A hacker accessed the personal information of roughly 400,000 patients of Planned Parenthood Los Angeles in October, the reproductive healthcare provider said Wednesday.

Planned Parenthood Los Angeles said in a statement that there is no evidence so far that any patients’ information was used for fraudulent purposes, and it was notifying patients whose information was accessed.

Staff members first noticed suspicious activity on their computer network Oct. 17, according to the statement. Planned Parenthood Los Angeles took its systems offline, notified law enforcement and retained a third-party cybersecurity firm to help investigate.

The investigation, which is ongoing, has determined that a hacker got access to the healthcare provider’s network between Oct. 9-17, according to the statement. The hacker installed malware and took some files from the system.

Once Planned Parenthood identified the affected files, it began a review to determine whether they contained any patient information, according to the statement.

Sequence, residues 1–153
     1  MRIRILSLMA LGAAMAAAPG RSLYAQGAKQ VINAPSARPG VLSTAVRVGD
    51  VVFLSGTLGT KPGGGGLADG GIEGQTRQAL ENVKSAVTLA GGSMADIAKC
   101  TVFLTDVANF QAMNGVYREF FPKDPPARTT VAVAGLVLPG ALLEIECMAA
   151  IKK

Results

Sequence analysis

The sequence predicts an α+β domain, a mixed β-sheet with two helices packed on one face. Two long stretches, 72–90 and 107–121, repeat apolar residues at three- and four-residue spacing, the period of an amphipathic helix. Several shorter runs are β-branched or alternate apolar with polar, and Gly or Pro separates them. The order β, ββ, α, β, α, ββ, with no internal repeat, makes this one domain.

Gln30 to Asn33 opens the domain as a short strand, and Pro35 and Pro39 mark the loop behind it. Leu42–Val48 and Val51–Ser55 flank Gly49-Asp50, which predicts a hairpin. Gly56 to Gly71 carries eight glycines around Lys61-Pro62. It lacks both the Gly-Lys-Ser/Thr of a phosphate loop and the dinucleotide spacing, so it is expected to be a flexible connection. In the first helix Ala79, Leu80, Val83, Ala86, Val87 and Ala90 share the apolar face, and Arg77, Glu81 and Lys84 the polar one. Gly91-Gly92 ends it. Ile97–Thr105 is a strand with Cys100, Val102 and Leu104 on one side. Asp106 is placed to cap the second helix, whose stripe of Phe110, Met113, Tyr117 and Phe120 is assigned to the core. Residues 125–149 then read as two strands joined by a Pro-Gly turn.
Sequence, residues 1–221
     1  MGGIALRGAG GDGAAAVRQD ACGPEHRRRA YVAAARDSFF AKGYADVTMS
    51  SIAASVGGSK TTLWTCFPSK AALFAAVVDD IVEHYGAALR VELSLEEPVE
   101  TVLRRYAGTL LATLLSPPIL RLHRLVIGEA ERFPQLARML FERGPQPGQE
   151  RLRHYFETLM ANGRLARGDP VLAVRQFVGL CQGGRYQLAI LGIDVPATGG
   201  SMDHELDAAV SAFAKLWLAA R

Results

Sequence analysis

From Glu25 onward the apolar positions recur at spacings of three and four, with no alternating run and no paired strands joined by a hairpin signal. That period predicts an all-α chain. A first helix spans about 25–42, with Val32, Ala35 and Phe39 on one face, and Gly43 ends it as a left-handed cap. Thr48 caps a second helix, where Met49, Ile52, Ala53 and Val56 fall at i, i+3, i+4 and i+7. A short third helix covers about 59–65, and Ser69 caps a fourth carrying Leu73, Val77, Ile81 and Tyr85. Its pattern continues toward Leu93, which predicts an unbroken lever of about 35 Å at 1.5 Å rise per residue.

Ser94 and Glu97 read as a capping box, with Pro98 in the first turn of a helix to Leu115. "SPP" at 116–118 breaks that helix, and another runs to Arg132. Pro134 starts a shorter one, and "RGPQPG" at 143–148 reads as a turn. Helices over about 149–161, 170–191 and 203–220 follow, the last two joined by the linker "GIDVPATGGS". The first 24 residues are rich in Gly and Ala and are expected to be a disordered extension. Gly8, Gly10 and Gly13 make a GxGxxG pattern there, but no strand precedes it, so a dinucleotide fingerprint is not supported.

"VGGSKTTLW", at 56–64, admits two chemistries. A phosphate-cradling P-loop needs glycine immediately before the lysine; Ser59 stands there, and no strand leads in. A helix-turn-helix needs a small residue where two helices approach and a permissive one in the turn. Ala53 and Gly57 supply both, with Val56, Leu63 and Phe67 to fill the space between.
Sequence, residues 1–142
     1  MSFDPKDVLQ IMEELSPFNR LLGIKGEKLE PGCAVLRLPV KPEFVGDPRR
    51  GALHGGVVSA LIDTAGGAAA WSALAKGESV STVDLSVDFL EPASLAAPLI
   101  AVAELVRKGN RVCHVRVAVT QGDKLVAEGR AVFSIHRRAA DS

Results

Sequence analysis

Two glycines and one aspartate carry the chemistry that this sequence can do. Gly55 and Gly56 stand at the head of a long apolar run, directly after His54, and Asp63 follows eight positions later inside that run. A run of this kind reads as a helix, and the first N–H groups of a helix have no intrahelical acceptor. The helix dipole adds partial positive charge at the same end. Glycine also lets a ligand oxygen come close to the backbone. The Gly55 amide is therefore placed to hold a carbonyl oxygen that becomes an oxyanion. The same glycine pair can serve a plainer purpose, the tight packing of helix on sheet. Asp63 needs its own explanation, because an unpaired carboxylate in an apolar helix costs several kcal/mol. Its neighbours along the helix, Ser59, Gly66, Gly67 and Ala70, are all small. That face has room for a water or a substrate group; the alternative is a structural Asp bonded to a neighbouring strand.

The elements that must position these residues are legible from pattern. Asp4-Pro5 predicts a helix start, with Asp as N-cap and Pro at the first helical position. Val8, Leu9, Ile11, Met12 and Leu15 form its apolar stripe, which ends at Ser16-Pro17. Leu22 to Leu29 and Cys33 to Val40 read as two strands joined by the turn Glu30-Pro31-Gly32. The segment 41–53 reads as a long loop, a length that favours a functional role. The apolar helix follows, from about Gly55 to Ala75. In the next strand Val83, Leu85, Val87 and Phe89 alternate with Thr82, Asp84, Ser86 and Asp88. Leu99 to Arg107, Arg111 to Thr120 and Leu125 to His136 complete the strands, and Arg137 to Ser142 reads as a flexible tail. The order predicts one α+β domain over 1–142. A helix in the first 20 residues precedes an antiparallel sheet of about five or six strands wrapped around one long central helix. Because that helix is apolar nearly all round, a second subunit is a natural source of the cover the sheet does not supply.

On Nov. 4, the organization identified files that had certain patients’ names as well as one or more of the following: dates of birth, addresses, insurance identification numbers, clinical data, diagnoses, treatments provided and prescription information, according to the statement.

Planned Parenthood Los Angeles has taken steps to enhance security measures and protect patients’ information such as increasing network monitoring, working with an external cybersecurity firm and hiring additional cybersecurity resources and personnel, according to the statement.

“PPLA takes the safeguarding of patients’ information extremely seriously, and deeply regrets that this incident occurred and for any concern this may cause,” the statement said.

Out of caution, Planned Parenthood is sending letters to the affected patients explaining what happened and outlining steps they can take to protect themselves from fraud.

“Patients are encouraged to review statements from their healthcare providers or health insurers and contact them immediately if they see charges for services they did not receive,” the statement said.

The hack was limited to Planned Parenthood Los Angeles and didn’t affect any other affiliates, according to the statement.

The Washington Post first reported the data breach on Wednesday.

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